Tips for an Eco-Friendly Lawn

Tips for an Eco-Friendly Lawn

Frost on the lawn

This weekend brought forth a significant event, the first mowing of 2012.  It’s a momentous event that means the active growing season is moving ever closer!  I know many of you probably don’t enjoy mowing the lawn like I do.  It’s probably a little crazy, I’ll admit it, but when I’m out there mowing I get to see all the garden, come up with ideas for the garden, and I even get a little time to myself!  As a stay-at-home dad of three kids time to myself is in short supply.

Overseeding the Lawn!

While I enjoy mowing the lawn I’m not all that crazy about lawn care.  In fact, aside from overseeding once a year I do little else to keep my grass growing.  I don’t fertilize the lawn with any chemical fertilizers nor do I use any sort of insect control.  My lawn has moles, voles, and lots of holes, but it’s a natural garden and lawn where I feel is safe for my children to run and play.  The perfect lawn it isn’t, but perfect for us.

Many people believe that removing lawns altogether is the way to go.  While there is merit in returning to a more natural meadow with native plants you don’t have to sacrifice the lawn and play areas to be more environmentally friendly.  The problem that happens with lawns is that they are over fertilized and become dependent on those fertilizers and selective herbicides to thrive.  Everyone wants the perfect pristine lawn with no dandelions!  They also aren’t allowed to sustain their natural growth cycles.  They get watered and mowed, watered and mowed, even in the heat of the summer when cool season lawns like to go dormant.  To combat these ideas here are a few tips for a more Eco-friendly Lawn!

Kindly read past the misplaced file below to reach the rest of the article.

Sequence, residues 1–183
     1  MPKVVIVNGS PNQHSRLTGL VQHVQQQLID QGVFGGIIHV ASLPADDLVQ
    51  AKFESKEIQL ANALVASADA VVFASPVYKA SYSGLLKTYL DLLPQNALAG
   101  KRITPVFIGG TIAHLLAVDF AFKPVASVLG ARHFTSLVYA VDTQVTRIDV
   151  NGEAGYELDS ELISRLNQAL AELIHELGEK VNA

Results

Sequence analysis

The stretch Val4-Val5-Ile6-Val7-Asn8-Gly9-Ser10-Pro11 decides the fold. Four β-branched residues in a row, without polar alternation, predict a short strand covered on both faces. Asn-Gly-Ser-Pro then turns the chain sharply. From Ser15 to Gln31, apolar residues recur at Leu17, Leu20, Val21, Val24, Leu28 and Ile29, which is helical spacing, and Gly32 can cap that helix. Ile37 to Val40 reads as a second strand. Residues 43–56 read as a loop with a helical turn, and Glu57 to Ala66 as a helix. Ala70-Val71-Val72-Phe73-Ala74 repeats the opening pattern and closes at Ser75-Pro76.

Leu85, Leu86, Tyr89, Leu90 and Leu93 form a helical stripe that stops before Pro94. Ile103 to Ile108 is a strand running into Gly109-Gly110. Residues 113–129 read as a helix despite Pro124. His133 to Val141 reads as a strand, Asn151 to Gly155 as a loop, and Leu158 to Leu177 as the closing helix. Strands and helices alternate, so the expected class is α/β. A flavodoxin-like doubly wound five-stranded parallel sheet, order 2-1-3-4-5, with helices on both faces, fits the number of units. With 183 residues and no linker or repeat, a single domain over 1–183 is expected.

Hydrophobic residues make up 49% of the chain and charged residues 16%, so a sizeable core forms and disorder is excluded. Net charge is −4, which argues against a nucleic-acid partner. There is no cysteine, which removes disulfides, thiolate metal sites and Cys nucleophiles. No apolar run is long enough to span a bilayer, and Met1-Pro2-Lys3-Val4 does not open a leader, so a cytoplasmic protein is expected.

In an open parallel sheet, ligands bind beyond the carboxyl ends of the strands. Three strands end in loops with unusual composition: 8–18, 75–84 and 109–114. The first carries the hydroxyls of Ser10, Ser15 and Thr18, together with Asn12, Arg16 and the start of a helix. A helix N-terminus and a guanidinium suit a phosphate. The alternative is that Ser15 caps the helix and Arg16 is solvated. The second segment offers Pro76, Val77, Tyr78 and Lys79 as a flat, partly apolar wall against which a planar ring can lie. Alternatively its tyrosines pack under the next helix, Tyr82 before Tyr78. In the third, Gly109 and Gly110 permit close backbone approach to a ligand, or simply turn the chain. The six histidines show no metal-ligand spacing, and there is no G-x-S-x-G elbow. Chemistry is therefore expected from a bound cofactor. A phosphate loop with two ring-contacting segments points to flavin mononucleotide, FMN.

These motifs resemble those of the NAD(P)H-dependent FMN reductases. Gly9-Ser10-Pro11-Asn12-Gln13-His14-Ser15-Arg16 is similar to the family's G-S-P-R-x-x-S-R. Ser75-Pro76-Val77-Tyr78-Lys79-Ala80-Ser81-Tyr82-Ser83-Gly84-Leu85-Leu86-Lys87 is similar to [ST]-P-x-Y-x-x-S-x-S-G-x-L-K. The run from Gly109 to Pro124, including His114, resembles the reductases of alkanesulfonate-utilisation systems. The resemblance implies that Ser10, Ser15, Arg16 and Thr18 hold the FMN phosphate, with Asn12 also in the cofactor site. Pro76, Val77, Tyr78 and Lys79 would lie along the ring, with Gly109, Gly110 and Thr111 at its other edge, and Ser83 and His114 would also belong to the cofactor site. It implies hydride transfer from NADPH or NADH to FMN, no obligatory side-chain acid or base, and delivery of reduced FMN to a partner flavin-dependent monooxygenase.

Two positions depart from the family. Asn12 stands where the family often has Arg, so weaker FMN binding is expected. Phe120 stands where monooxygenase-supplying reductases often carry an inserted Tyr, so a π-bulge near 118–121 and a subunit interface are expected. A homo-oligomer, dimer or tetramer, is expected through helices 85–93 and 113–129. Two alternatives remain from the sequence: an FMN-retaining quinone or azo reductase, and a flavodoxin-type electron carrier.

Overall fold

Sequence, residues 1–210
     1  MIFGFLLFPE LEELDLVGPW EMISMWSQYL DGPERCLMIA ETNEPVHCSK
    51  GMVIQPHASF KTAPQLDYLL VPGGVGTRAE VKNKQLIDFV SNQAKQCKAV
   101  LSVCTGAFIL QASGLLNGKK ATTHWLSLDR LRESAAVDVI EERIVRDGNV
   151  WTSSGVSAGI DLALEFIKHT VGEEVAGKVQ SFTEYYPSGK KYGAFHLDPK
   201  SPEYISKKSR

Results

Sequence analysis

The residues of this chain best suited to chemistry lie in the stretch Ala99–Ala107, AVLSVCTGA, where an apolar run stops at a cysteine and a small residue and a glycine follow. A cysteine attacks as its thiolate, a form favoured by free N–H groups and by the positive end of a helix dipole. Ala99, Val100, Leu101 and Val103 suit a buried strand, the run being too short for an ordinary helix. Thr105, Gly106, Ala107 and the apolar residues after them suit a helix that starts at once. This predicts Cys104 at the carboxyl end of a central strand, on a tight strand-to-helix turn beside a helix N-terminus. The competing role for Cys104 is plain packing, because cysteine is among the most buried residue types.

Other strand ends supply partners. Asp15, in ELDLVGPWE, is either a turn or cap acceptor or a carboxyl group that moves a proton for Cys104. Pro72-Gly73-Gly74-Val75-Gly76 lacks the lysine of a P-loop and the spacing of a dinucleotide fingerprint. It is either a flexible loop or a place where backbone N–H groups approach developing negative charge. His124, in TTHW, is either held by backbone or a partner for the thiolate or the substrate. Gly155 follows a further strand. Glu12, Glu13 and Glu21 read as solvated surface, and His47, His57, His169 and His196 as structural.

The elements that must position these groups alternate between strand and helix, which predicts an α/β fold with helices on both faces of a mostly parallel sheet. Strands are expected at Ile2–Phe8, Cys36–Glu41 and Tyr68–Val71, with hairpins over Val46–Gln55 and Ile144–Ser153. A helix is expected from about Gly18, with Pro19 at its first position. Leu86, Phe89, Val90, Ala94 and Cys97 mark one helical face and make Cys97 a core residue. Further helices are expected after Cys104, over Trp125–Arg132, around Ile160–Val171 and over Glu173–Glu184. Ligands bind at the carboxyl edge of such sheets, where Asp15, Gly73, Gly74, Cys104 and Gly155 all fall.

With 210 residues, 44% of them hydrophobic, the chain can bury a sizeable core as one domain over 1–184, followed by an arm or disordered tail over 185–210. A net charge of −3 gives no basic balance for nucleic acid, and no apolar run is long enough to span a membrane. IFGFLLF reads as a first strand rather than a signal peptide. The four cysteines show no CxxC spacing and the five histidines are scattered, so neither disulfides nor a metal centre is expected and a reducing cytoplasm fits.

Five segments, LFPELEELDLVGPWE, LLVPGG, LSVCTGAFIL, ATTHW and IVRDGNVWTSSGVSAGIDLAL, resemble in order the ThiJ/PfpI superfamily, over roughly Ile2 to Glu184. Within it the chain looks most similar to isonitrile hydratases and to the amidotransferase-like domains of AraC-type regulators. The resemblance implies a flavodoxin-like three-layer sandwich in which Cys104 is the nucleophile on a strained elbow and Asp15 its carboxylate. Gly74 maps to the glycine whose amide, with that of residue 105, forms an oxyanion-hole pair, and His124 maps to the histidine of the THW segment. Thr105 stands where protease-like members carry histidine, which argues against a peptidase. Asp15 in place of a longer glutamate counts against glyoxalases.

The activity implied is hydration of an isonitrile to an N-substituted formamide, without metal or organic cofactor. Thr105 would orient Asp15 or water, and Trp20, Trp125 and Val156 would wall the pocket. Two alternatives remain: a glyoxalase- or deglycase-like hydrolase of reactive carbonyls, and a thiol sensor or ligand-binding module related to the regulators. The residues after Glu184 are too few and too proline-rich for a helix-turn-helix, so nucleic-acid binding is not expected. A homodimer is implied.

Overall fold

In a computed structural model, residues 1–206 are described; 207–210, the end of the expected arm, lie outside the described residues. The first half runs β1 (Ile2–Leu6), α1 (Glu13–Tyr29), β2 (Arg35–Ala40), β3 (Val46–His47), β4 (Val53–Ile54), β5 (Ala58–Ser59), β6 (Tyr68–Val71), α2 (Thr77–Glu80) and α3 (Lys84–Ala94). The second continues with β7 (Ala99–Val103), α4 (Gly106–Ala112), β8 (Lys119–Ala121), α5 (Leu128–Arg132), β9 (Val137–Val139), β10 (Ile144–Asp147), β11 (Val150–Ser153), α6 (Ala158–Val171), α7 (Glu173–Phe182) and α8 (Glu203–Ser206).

Tips for an Eco-Friendly Lawn
  1. Stop using unnatural fertilizers and chemical pesticides!  Use organic alternatives to opt for a more laid back approach and allow your grass clippings to decompose and sustain the grass.
  2. Mow correctly!  Mow high!  Taller grass means deeper roots.  Deeper roots means better water uptake.  Better water uptake means your grass is greener longer!
  3. Don’t water established lawns!  If you’re planting seed try to spread it before a rain and keep your eye on the weather. Water when you have to to establish new grassy areas but not where you already have grass growing.
  4. Use the organic method for fertilizing your lawn. Spread compost over areas that have poor soil and allow the compost to seep down into the subsoil.  Compost can work wonders!  Consider the use of natural fertilizers to improve your soil. Chemical fertilizers feed the plants, natural fertilizers feed the soil which feeds the plants which is always going to be much better!  Allow grass clippings to decompose in the lawn and return nutrients back to the soil.
  5. With gas prices rising to record levels this year you’re not going to want to use too much gas on mowing your lawn, so cut back!  Remember longer grass is actually better for the grass.  Do you really need to mow every 4 days?  Nope.  Every week?  Probably not!  Mow when the grass needs mowed and on a set schedule.